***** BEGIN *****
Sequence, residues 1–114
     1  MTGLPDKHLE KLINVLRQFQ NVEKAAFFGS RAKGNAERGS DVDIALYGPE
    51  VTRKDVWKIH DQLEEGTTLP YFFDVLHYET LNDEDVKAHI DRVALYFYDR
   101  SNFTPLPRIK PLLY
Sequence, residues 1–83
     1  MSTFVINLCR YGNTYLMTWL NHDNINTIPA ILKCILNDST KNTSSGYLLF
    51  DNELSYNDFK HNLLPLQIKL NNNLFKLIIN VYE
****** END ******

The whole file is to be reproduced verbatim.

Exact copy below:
Sequence, residues 1–114
     1  MTGLPDKHLE KLINVLRQFQ NVEKAAFFGS RAKGNAERGS DVDIALYGPE
    51  VTRKDVWKIH DQLEEGTTLP YFFDVLHYET LNDEDVKAHI DRVALYFYDR
   101  SNFTPLPRIK PLLY
Sequence, residues 1–83
     1  MSTFVINLCR YGNTYLMTWL NHDNINTIPA ILKCILNDST KNTSSGYLLF
    51  DNELSYNDFK HNLLPLQIKL NNNLFKLIIN VYE